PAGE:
David Justice started in left field for the first time during the postseason. He had been restricted to serving as designated hitter because of a knee injury, but didn't have that option under National League rules.

Hargrove could have started Justice in right field, his natural position, but worried about moving erratic Manny Ramirez to left.

"David's a very good athlete and has made the adjustment to left field about as well as one could expect," Hargrove said. "I will not argue with David or anybody else who says he's a better right fielder than left fielder. I think he probably is, but he's also a good left fielder for us."

Justice went 2-for-4 to raise his 1997 postseason average to .318, and Ramirez hit a bases-empty homer in the fifth.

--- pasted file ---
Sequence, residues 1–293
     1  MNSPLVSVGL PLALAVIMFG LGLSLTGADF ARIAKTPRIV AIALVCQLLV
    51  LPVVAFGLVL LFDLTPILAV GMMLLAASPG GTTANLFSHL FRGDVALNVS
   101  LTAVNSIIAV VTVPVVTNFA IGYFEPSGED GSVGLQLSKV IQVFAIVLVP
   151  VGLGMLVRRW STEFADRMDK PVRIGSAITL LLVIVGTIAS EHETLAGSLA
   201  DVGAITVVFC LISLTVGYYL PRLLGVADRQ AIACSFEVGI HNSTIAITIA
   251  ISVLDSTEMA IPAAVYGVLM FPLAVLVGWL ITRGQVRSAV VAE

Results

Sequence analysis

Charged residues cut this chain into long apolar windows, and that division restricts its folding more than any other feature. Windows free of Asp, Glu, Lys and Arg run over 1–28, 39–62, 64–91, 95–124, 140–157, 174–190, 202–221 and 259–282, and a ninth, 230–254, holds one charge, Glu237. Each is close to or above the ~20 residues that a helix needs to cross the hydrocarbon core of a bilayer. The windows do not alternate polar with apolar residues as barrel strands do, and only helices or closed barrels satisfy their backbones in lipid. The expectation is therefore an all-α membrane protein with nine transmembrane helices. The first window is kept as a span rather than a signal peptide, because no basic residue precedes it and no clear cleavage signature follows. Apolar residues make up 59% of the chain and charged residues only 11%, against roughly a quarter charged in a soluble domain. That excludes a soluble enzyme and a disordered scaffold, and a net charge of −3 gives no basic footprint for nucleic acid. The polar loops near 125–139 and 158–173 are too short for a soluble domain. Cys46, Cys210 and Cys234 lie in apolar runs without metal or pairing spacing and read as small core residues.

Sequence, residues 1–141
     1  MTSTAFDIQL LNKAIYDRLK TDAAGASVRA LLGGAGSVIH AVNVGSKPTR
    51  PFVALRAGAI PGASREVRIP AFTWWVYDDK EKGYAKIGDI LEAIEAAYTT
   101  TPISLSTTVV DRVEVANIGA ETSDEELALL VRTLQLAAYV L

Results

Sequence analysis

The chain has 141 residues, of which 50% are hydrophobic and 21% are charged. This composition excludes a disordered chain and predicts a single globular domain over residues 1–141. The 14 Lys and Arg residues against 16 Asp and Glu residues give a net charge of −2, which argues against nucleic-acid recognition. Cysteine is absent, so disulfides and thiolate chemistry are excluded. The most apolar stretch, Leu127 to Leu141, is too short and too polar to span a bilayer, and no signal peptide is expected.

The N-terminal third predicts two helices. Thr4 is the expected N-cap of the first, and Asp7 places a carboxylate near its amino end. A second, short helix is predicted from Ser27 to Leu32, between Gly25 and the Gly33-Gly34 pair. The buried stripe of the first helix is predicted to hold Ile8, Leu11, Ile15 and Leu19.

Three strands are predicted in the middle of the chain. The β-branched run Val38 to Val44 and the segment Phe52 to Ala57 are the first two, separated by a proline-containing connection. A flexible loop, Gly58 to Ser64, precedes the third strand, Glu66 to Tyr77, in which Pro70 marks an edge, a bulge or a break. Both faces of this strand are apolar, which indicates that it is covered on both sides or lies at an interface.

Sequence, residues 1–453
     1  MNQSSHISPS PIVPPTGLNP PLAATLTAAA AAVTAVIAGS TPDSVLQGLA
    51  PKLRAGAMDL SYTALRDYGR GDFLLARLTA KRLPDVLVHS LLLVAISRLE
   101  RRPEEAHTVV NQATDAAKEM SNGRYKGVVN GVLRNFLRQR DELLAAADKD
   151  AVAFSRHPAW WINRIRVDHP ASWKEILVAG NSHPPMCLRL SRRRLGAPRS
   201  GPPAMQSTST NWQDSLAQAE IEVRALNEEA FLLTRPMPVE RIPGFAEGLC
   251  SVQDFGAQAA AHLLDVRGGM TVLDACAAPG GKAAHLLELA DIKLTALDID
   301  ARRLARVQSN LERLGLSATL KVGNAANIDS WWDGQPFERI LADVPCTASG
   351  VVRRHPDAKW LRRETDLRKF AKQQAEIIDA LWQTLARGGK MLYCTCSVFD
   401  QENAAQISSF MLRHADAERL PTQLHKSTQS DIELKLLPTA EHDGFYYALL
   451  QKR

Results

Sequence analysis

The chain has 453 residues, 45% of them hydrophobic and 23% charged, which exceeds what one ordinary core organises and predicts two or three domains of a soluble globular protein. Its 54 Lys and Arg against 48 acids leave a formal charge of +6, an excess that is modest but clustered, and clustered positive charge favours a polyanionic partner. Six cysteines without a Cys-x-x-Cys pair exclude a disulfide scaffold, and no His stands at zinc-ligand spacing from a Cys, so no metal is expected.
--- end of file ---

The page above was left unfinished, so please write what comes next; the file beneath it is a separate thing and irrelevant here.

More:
More of same for Thome

Jim Thome again failed to deliver an RBI in the first inning, stranding two runners with a groundout. He knocked in one run in 10 postseason games before last night, and has been removed from the cleanup spot.

With the slump dating to the middle of September, Hargrove TTC said this is the longest he has seen Thome struggle at the plate.

"He's been trying to hit the ball too far and too hard," Hargrove said. "That causes a lot of bad habits. And it's taken us a long time to get him out of those habits.

"He's started swinging the bat better, though. Maybe the last eight to 10 at-bats, his swings have been more exact, more sure, more firm."

Hargrove's words proved prophetic when Thome hit a bases-empty home run in the sixth inning, his first homer in 73 at-bats.

Marlins shuffle roster